Here's Benjamin Zander, saying much the same thing, far more coherently: how anyone can enjoy classical music:

Oh, and do read this as well. It asks the question of what role music plays in our lives, and whether our priorities are all wrong, and is an utterly brilliant piece of journalism. Thanks to Sruthi for mailing me the link.

7 comments:

J B Jux said...

Nice post KK and one that can induce healthy debate. A few days back me and my brother had a similar conversation.

My observations...

Music has become much like anything else in the World. People tend to listen to what they think is "cool" And for some strange reason India has not been successful in bringing in the "cool" factor into classical music.

Perhaps it's time for us, the younger generation to take Indian classical music to a level where there is enough exposure of classical music to laymen and laywomen. When i say exposure, I don't mean forceful intake.

Guitar Prasanna is doing this in his own way. All we need is more guitar
Prasannas, Raghu Dixits, Euphoria and others who can present Indian music in a way that appeals to the younger.

Lulu LaBonne said...

I saw BZ talk years ago and never forgot it - just been watching this TED - great stuff!

Sruthi K said...

About the Tani avartanam: I think it is because most of the audience lacks knowledge of percussion. It is not easy to understand the nuances of how an intricate dance of rhythm is being played out,unless you know something about how the spaces between beats are being played around with. Maybe some workshops where people are introduced to percussion will help.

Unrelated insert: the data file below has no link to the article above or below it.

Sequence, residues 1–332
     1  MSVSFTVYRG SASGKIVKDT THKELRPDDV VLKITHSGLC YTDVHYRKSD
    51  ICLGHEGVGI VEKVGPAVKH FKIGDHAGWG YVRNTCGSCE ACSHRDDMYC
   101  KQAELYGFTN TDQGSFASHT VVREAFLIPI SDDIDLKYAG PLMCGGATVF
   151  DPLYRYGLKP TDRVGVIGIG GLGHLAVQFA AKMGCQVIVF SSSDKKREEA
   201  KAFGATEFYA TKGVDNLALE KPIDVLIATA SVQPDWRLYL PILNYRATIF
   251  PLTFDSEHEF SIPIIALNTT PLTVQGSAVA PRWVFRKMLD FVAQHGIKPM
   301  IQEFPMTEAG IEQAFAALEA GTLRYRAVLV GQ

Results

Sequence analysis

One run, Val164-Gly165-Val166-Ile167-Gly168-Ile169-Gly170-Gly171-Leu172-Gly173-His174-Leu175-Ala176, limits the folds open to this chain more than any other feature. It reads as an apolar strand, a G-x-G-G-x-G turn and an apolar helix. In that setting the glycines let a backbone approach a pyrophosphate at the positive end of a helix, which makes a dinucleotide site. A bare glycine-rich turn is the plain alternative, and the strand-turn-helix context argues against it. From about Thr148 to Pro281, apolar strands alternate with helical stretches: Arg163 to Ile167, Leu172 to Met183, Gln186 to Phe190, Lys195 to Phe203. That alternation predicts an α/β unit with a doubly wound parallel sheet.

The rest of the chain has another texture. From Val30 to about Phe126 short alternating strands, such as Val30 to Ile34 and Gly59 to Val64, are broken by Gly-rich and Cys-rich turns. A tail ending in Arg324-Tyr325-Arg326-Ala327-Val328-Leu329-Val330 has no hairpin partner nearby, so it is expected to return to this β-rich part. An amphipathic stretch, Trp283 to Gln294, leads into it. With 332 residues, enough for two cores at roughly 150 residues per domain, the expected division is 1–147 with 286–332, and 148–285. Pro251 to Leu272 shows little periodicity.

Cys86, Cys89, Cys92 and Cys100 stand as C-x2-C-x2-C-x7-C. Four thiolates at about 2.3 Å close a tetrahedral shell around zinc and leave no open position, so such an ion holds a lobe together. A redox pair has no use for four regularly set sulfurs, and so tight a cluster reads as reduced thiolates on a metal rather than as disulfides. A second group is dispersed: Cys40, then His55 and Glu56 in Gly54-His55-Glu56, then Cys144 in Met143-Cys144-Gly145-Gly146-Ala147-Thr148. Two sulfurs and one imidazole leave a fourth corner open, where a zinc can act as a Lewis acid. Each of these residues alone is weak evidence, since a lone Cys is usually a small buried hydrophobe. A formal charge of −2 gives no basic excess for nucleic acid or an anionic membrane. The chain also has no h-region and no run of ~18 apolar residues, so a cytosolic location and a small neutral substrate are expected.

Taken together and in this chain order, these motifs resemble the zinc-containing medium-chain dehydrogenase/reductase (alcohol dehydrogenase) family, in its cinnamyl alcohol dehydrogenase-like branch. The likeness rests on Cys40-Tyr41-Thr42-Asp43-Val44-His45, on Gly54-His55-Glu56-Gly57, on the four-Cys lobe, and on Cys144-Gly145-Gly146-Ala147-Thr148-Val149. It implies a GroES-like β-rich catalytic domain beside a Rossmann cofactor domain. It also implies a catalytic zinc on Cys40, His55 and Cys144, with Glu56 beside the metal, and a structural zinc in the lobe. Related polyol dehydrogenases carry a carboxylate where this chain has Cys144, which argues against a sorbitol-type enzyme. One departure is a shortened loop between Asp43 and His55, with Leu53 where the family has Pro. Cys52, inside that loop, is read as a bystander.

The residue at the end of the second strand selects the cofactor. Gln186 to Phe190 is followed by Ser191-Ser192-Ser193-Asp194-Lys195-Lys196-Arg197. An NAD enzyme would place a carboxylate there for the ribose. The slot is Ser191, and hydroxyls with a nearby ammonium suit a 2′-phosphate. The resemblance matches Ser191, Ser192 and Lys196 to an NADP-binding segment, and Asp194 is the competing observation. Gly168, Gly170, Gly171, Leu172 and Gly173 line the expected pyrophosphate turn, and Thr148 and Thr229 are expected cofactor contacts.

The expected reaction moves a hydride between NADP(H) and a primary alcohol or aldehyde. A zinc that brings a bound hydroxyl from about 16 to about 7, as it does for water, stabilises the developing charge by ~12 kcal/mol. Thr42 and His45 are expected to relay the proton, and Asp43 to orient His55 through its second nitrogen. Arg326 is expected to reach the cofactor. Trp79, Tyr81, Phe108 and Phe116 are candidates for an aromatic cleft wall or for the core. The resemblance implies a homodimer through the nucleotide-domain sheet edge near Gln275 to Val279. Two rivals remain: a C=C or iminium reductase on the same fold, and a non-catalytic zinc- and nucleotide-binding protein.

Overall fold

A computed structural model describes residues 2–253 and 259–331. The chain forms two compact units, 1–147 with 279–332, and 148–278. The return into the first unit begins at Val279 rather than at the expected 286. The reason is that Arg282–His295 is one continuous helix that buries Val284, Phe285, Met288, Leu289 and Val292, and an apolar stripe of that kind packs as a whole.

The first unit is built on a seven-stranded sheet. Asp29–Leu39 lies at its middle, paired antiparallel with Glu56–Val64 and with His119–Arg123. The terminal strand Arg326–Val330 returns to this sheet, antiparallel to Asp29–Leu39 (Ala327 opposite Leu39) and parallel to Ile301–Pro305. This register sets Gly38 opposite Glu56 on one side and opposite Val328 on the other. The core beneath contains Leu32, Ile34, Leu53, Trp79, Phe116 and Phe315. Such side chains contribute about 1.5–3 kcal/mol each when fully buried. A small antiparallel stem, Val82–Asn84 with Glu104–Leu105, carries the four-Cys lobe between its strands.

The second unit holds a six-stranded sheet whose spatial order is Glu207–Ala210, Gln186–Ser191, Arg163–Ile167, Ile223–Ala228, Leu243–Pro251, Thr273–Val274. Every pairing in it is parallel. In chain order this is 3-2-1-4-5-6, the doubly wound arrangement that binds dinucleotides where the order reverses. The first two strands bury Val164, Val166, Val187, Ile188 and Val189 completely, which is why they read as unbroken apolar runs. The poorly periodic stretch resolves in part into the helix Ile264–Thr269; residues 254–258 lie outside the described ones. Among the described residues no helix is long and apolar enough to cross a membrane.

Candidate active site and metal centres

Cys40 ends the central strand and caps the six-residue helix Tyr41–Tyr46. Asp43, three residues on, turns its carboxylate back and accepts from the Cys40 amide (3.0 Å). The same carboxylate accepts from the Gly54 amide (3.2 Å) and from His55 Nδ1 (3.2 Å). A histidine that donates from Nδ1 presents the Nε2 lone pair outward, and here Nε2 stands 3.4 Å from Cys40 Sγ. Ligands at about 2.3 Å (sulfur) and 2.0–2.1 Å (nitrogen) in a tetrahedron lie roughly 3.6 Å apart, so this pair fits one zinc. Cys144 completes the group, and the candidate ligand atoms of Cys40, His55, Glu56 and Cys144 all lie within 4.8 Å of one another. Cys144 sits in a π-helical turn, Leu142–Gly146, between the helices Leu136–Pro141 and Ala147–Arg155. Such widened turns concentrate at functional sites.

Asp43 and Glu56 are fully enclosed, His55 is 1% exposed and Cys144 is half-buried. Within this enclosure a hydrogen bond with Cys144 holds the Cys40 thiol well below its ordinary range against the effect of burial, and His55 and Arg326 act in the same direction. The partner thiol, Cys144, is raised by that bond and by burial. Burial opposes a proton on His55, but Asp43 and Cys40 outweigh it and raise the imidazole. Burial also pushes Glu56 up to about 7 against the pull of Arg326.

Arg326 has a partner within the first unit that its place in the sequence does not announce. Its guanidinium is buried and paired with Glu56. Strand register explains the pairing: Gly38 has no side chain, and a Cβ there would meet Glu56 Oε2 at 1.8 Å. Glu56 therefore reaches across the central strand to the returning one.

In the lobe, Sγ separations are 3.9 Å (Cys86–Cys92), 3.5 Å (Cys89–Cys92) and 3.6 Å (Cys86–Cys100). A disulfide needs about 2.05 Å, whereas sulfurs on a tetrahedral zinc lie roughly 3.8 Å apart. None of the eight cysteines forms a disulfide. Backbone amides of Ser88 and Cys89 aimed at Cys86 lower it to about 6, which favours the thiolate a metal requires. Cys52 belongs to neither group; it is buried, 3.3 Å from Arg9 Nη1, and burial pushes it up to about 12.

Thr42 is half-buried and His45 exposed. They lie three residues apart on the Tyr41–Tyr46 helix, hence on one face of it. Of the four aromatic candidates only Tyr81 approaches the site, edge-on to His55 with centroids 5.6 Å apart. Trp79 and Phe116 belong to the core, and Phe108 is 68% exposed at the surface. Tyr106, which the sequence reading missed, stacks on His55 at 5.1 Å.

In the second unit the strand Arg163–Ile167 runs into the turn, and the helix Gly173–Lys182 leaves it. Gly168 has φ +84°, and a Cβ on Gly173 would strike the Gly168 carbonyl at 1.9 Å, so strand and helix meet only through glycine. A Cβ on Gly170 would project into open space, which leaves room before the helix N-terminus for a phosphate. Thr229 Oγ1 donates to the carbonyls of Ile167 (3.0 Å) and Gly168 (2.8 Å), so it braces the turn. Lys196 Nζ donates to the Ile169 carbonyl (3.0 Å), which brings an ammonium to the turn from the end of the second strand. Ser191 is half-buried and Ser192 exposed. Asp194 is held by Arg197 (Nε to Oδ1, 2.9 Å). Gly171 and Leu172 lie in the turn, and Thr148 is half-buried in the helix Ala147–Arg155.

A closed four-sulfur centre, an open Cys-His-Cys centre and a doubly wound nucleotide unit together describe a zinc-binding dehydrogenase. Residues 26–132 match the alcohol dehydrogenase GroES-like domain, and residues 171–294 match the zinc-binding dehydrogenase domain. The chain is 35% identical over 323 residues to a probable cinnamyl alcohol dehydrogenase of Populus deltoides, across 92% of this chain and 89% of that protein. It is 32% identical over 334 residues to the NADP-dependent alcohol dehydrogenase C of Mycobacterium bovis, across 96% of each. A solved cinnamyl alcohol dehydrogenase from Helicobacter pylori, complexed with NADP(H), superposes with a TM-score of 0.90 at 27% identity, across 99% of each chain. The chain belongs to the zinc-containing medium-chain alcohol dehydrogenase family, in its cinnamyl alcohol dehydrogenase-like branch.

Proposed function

About appreciating classical carnatic: I agree with what you said and I've seen it happen to my friends in Bbay. We went for the IMG concert at St Xaviers the guitarist pal and drummer pal loved instrumental classical concerts. There is a prejudice against classical music that you need to be initiated to understand and cannot stop by for easy listening.

Nice post. :) Especially the description of the canteen music :D

Ghanshyam Nair said...

Well, right from the time I was a kid at my first concert, I found the tani quite fascinating - I've always thought it the part of the concert where showmanship and the artistes' engagement with the audience are at their highest. So I've always been puzzled by the sight of people walking out when it begins.
But yeah, your theory might partly explain this.
The canteen music is atrocious. To even call it Carnatic is blasphemy.

Ramnarayan said...

nair, very well written. nice style, understanding of the nuances of carnatic music. please subscribe to sruti!

oof ya! said...

Hmmmm at the risk of embarrassing myself amongst the music knowledgebles - i fall into the canteen music category. your post blew me away. i didn't realise there was more to it than canteen music. seriously. am of the opinion that you are one of the few of my generation who knows the world of carnatic music beyond canteen music. a species to be preserved. blogger is asking me to type FARSTLIZ . It is the only word standing between me and my opinion on your blog :)

sanjuayyar said...

Carnatic can be headier than trance dude. The stuff they play in the elevators and hotel lobbies in Mumbai, or rather, this part of the country isn't music. It is unintended humour.